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It may seem like the pinprick heard round the world. If your newborn screams, don’t be dismayed. Your baby is more startled by the prick than anything else. The pain is gone almost before it begins. And you’re doing the right thing by letting hospital staff draw a few drops of blood from your newborn’s heel.
September is Newborn Screening Awareness Month. Parents must be advocates for their children by ensuring that their hospital completes a full health screening of their newborn. There are several types of newborn screening, including basic physical exam, hearing screening, blood spot testing, and pulse oximetry testing for heart defects.
These screenings are critical in identifying diseases or abnormalities long before a child experiences symptoms. Early detection and treatment can prevent disability, permanent damage, or even death. These screenings usually are routine in the hospital, but if for any reason a baby is not properly screened at the hospital, or if a baby is born outside of a hospital, they should be screened within a few days of birth at an appropriate medical facility.
The first screening your newborn should receive is a routine physical examination (often by a pediatrician) to measure weight, length, and head circumference. The doctor then examines the baby’s skin, head and neck, heart and lungs, and abdomen and genitals. In addition, the baby’s nervous system and reflexes are checked.
Newborns also should have their hearing checked. Newborn screenings for hearing are quick and painless. Experts recommend they be conducted no later than 1 month of age and preferably before leaving the hospital. These screenings are so subtle that they often can be conducted while the baby is asleep. If hearing loss is detected, an audiologist and otolaryngologist (ear, nose, and throat physician) will determine the level of loss and whether treatment is warranted. If the hearing loss is permanent, hearing aids and speech/language services usually are recommended.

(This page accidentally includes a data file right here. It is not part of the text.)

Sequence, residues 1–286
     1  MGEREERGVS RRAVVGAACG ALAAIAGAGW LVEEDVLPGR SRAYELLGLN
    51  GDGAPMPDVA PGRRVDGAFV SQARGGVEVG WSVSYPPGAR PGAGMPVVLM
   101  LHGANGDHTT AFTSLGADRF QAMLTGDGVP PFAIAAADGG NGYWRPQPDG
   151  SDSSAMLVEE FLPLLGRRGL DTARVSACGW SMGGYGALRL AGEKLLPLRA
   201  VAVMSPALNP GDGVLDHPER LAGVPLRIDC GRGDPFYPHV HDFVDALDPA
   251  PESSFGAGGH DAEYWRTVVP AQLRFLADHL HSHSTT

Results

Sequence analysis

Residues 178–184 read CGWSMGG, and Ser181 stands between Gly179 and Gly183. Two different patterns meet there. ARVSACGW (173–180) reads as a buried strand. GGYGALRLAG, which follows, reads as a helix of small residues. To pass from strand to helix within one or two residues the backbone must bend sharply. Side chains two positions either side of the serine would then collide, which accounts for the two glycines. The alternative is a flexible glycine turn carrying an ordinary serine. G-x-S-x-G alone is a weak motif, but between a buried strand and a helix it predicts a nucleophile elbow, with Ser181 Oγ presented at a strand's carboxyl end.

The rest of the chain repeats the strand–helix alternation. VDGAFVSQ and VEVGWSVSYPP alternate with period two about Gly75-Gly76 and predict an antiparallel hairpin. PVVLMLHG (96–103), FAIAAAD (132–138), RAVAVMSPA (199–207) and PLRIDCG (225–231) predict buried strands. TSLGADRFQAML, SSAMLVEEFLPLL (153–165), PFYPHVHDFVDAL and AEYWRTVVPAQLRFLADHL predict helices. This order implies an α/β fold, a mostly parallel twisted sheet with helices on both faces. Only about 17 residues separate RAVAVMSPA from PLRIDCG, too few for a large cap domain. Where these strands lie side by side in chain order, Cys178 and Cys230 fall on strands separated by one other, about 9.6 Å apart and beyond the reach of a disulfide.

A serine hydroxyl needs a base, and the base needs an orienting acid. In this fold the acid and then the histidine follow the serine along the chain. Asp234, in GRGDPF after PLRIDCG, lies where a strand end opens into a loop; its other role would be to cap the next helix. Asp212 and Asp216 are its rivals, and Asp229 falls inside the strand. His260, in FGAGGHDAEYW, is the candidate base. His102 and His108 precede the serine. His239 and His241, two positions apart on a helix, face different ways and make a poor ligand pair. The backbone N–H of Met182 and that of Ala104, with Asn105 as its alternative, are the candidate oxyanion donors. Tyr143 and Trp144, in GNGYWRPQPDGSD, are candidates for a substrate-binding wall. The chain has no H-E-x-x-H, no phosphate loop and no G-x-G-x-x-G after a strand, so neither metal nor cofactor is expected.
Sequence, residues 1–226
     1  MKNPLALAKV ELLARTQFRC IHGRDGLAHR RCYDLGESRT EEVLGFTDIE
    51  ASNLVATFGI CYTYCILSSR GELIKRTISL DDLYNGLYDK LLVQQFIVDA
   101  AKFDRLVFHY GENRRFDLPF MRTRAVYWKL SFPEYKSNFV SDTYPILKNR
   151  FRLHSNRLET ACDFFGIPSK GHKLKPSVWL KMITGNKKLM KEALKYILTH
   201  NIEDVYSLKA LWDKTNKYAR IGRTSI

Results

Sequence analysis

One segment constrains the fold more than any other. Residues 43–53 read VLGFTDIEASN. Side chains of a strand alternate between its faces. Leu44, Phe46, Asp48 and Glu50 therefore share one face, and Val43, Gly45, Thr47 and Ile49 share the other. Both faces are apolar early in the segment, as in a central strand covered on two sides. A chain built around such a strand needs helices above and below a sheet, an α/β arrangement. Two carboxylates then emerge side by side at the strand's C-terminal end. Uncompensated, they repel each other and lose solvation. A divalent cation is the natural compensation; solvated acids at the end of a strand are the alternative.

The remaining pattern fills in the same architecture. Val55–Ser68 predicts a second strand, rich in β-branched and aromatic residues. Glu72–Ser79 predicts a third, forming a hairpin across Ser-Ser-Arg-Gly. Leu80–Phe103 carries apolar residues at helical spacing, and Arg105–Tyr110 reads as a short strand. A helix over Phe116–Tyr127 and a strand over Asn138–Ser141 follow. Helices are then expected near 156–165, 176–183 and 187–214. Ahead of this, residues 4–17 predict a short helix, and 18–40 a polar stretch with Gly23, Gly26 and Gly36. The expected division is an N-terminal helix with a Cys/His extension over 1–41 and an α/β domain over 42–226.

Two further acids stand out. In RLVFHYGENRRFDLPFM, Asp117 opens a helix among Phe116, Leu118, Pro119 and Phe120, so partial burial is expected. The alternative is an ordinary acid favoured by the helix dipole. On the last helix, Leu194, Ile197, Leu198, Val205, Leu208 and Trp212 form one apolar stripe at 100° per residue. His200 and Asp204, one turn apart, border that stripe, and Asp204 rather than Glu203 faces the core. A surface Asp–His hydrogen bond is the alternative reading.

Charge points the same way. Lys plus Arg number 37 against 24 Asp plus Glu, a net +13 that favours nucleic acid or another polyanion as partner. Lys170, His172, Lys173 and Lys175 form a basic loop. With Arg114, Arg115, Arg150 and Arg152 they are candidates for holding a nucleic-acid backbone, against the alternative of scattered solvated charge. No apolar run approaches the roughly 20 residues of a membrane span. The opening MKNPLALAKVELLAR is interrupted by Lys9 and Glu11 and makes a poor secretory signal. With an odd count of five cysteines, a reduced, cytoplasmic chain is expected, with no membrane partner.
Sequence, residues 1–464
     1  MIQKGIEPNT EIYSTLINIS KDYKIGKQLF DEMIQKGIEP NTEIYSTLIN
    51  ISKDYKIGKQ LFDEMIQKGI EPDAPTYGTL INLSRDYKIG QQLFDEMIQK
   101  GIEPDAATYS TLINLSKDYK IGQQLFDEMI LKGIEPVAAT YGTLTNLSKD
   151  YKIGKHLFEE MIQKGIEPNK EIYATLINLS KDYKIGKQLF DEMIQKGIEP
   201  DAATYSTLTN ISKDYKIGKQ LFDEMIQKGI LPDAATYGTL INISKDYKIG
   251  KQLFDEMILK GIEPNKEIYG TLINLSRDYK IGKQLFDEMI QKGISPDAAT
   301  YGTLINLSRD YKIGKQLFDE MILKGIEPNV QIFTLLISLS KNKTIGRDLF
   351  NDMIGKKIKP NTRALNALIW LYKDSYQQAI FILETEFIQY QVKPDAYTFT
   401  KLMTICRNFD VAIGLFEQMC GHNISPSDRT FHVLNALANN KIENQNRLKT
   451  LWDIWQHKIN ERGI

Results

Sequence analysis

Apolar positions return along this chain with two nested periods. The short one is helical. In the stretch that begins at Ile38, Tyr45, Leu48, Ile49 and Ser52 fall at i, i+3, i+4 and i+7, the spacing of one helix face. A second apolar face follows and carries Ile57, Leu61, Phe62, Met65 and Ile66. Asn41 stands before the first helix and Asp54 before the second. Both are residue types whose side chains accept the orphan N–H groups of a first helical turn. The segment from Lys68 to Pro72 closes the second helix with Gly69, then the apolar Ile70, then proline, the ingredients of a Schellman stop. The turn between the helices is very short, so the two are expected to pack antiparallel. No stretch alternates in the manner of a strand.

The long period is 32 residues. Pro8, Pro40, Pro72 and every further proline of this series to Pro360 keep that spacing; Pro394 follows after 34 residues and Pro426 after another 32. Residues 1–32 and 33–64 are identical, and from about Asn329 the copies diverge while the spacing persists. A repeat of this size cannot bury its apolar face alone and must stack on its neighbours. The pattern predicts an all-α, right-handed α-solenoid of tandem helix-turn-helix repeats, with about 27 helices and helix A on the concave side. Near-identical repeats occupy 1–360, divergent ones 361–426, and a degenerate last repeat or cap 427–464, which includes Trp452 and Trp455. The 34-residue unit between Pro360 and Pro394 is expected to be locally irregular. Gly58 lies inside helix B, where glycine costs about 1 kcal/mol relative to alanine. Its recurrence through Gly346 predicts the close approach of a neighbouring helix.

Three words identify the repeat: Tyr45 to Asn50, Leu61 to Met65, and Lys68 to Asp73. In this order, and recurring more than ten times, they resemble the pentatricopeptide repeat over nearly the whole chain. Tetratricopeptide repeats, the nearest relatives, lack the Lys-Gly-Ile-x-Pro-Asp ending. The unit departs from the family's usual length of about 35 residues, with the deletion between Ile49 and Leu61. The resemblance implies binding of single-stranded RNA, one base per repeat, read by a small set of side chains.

The newborn blood screening can detect such disorders as sickle cell disease, cystic fibrosis, and phenylketonuria (PKU, a condition that can cause nervous system problems, brain damage, and mental disability). Every state has its own newborn screening program and may test for different conditions. Some states have more comprehensive screening lists than others.
Many hospitals routinely screen newborns for Critical Congenital Heart Defects (CCHDs) using a method called pulse oximetry, which gauges the amount of oxygen in the blood and measures pulse rate. Pulse oximetry can detect CCHDs in some infants before they have any symptoms. If a defect is found, the infant can be evaluated by a cardiologist and receive special care to prevent disability or premature death. Some hospitals routinely administer pulse oximetry screening, but it is not routinely conducted in all states, so parents might wish to inquire about it.